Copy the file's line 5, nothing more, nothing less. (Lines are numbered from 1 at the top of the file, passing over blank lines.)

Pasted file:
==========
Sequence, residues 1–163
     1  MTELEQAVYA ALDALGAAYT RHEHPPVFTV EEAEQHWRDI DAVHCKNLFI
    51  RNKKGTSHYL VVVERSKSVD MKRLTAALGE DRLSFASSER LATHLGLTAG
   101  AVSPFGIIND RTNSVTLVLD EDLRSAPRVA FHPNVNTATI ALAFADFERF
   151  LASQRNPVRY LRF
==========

   151  LASQRNPVRY LRF